@Michael Seeker  

For Louisville and Indianapolis, what range of properties should I shoot for if I want cashflow? Is it better to get a few lower priced properties or to get one or two nicer ones?

@Jerry Poon  

It depends on what you consider "lower priced" properties. You can do well in carefully selected C and B neighborhoods. I don't recommend cheap D class properties. They might look good on paper but they rarely pan out. Good tenants don't want to live in bad areas. I recently talked about this topic on my radio show. I'll be happy to send you a link to it if you want.

Feel free to reach out if you want to know more about Indianapolis or Kansas City.

Originally posted by @Jerry Poon :

@Michael Siekerka @Mike D'Arrigo  

For Louisville and Indianapolis, what range of properties should I shoot for if I want cashflow? Is it better to get a few lower priced properties or to get one or two nicer ones?

I'm personally a fan of nicer properties.  The returns don't look as good on paper, but here are some reasons to go higher end instead of low-income:

-Liquidation - you can sell a nice property in good location pretty easily, the low-income ones are difficult and you can easily have to take a loss to unload.

-Expenses - nice properties don't sit vacant, the tenants typically care about their credit scores and pay on time and don't tear up the units.  Management costs will be lower on nice properties because the PM will get less phone calls (the one PM I used for ~1 month charged a minimum of $32.50 labor, even for changing a light bulb...that adds up if you get a lot of calls).

-Value - the nicer properties will go up in value.  Lower end ones tend to hover around the same value.

-Headaches - even if you have a PM, you have to manage them.  If they have fewer headaches with a property, then there are fewer that get passed along to you.

If you poke around the forum, there are people making money in the ghetto or gated communities.  It really comes down to your personal preferences.  The more money you want to make, the more work it's going to take (at least initially).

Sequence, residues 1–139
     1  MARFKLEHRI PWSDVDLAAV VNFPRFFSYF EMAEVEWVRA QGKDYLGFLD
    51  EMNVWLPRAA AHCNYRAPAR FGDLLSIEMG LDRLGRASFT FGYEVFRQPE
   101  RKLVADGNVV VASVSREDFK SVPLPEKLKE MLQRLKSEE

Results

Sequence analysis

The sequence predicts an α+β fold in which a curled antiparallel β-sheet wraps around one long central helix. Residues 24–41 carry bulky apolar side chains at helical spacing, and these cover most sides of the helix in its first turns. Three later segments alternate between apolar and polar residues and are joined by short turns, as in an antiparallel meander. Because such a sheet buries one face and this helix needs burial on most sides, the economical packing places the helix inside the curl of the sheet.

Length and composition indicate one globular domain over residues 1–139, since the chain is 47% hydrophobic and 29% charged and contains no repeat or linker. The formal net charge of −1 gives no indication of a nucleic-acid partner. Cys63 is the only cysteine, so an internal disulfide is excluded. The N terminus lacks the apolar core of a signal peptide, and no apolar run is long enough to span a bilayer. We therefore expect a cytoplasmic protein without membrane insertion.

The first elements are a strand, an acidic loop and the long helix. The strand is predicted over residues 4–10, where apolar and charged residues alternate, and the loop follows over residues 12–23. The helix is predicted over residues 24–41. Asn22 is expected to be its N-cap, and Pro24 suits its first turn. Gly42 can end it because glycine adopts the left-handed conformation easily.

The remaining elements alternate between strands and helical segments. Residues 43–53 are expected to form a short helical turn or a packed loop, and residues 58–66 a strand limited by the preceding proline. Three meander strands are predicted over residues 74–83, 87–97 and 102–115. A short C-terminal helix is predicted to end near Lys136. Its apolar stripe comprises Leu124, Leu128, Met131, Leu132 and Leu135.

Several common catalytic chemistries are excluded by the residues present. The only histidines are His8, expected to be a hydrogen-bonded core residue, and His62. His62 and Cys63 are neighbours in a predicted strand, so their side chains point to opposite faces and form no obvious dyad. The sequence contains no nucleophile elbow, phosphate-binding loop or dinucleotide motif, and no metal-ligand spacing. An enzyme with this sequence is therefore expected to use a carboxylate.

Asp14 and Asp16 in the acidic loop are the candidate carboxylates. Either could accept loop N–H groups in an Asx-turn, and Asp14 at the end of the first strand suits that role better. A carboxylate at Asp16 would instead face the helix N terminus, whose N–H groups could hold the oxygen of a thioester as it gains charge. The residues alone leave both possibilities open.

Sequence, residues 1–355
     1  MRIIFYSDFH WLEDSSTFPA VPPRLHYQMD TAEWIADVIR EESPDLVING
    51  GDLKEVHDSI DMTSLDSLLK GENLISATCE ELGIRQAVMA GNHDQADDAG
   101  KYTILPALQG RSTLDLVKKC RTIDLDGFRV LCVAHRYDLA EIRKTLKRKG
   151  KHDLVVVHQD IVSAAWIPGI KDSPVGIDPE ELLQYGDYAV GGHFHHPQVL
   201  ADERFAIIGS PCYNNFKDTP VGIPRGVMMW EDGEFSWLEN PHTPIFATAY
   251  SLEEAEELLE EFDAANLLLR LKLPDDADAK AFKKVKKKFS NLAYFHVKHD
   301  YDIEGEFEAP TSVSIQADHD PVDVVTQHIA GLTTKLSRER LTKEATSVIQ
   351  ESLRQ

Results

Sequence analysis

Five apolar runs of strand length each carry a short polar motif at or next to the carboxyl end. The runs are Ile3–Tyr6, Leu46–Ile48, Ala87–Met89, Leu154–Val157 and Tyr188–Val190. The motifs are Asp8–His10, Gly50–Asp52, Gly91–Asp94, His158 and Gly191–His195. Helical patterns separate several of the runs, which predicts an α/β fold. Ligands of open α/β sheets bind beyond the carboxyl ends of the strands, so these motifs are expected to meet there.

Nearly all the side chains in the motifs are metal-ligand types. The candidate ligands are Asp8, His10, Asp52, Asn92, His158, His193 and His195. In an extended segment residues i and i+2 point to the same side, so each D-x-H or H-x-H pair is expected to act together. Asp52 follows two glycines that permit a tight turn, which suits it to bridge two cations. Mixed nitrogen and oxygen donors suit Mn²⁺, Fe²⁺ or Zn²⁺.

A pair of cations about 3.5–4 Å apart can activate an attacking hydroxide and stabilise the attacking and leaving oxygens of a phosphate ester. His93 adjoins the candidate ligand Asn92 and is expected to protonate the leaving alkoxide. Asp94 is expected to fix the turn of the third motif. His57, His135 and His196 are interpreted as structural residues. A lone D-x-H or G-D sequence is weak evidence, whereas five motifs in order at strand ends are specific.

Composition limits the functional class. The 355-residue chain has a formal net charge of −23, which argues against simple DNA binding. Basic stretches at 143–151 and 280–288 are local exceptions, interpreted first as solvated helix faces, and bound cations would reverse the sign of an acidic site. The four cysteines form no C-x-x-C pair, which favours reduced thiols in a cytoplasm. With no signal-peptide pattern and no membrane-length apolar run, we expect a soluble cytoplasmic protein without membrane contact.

@Mike D'Arrigo  @Michael Seeker  

Thanks guys!

Michael, I am with you on the nicer properties. I would definitely want to keep it as liquid as possible. The less headaches from longer lasting tenants sounds extremely attractive as well.

Originally posted by @Michael Seeker :
Originally posted by @Jerry Poon:

Michael Seeker 

Where in the midwest?

 All of my holdings are in Louisville KY, which is a great city to invest in.  There are also plenty of others that could be on your radar if you don't have any particular drivers outside of pure investment (ex. I may start investing in St. Louis because I have family and friends there).  Here's a brief list:  St. Louis, Memphis, Indianapolis, Cincinnati, Kansas City, Nashville...this is just a small sampling though, there are plenty of mid-large sized cities throughout the midwest where returns will blow anything you can get in FL out of the water!

I have been researching Tampa Bay area and based on what I am finding blows Lexington Kentucky rentals out of the water.  I only own 4 rentals in Lexington now but it is hard to find deals that cashflow well if you are looking in B and C class.  I did the low income high cashflow and you can keep the headaches.  Maybe more up north is better.  Right now we are considering moving to Florida and buying.  

What are your ideal goals in terms of cash flow and/or CAP rates? What kind of debt (if any) would you carry on these acquisitions? Don't overlook Atlanta or long term leases in Orlando on your way down here. You can find deals in EVERY market.

Originally posted by @Brian Johnson :

I have been researching Tampa Bay area and based on what I am finding blows Lexington Kentucky rentals out of the water.  I only own 4 rentals in Lexington now but it is hard to find deals that cashflow well if you are looking in B and C class.  I did the low income high cashflow and you can keep the headaches.  Maybe more up north is better.  Right now we are considering moving to Florida and buying.  

Do you have any examples?  I'm talking like-kind properties...you can always find higher returns if you're comparing apples to oranges.  Also have you factored in the higher taxes and insurance?  Property taxes in FL and insurance rates are a lot higher than the midwest (generally speaking) so a 2% property in FL is not the same as a 2% property in central KY because the fixed costs will be higher even if all other details are equal.

@Michael Seeker  I'd love to see specifics too, but to be a 2% it should have taxes & insurance factored in, else you could be a .5%, I hope people always calculate all expenses in. Else it's not worth even comparing anything.

Originally posted by @Jesse O. :